What concerns you most about today’s Christians?
By R.C. Sproul
Reprinted from Now, That’s a Good Question
As a theologian and an educator, I’m biased, but my greatest frustration with Christians in general is that there seem to be so few of them who are deeply concerned about learning the things of God. Some will say, “My passion is to do with evangelism” or “My passion is to work in the inner city, where there are obvious felt needs of human beings in distress,” and I appreciate that.
The recent Gallup Poll of American Christianity was the most comprehensive study of religion ever done in this nation, and one of the glaring conclusions was that as we find an increase in public zeal for religious activity, we’re not seeing a corresponding depth in the understanding of religious principles or in the concern for biblical truth. I would say that this concerns me more than anything else.
Now, I don’t know if that’s what concerns God the most. If we push the whole of the Christian experience down to its bottom line, I think that God is most concerned about how we live. Regardless of how knowledgeable we are, are we obeying God’s commandments? Jesus said, “If you love me, keep my commandments — follow me, do the things that I tell you to do.”
I am concerned about people’s knowledge and understanding of God’s Word because I’m convinced that behind every practice is a theory. That theory may not be well thought out and carefully designed, or it may be something that we just sort of adopt uncritically and respond to by way of an impression and then fly by the seat of our pants with it. But the clearest demonstration of what the deepest theories are is how we live. We practice certain things because we believe that they are the things to do.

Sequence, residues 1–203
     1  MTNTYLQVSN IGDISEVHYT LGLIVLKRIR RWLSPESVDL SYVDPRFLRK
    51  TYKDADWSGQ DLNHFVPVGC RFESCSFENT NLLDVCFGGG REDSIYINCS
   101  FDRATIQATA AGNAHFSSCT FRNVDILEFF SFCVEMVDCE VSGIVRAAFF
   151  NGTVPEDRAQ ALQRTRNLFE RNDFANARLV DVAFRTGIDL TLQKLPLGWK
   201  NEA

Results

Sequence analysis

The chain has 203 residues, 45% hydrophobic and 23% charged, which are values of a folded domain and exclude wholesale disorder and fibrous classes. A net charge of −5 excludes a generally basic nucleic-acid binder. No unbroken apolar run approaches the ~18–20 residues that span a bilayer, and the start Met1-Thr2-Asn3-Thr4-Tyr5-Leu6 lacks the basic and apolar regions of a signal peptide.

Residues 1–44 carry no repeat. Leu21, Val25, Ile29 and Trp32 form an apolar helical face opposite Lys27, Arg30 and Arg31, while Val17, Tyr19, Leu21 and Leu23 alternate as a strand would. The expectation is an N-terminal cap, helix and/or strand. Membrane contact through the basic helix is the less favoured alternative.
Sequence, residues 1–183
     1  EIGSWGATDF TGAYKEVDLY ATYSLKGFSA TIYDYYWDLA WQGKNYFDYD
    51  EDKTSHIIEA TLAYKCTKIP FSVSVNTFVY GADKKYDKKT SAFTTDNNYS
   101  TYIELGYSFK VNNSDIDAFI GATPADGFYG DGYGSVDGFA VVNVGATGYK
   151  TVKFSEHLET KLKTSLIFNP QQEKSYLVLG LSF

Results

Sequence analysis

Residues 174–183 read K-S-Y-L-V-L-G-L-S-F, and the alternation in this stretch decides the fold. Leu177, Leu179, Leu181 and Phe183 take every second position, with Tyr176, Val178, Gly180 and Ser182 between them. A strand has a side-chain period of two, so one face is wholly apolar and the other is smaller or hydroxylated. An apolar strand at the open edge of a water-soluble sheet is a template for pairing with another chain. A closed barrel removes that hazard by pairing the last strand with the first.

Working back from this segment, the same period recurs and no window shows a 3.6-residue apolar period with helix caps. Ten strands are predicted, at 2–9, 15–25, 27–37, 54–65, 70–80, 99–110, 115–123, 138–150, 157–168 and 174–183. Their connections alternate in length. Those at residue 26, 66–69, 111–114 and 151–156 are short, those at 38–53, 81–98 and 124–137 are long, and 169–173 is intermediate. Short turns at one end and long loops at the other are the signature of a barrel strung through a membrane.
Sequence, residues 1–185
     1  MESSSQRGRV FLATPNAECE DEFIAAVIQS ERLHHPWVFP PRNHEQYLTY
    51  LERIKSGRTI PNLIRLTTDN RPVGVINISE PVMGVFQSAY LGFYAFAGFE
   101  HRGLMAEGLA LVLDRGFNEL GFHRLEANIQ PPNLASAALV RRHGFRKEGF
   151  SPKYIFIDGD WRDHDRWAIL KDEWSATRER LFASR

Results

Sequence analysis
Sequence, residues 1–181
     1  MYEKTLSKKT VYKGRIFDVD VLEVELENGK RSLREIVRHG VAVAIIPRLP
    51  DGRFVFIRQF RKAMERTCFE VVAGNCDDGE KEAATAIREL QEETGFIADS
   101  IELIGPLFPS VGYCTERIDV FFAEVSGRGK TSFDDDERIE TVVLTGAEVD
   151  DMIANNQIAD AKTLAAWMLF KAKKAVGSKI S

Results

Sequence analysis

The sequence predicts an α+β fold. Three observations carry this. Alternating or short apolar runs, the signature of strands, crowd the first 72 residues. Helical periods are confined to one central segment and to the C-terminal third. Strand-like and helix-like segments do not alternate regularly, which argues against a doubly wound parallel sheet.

When I become a Christian, my heart is changed immediately. I now have a passion for God that I didn’t have before. But God doesn’t drill a hole in my head and fill it with new information and teach me overnight all the things that he wants me to know about who he is and what he wants me to do. Rather, he has given us the Scriptures in simple doses, and sometimes in more complex doses. The metaphor that the Bible uses is the distinction between meat and milk. He calls us first to begin with milk as a nutrient and then move on to the heavier matters — to the meat. My big concern is that it seems that we are on a diet of milk and are terrified to eat anything more substantial.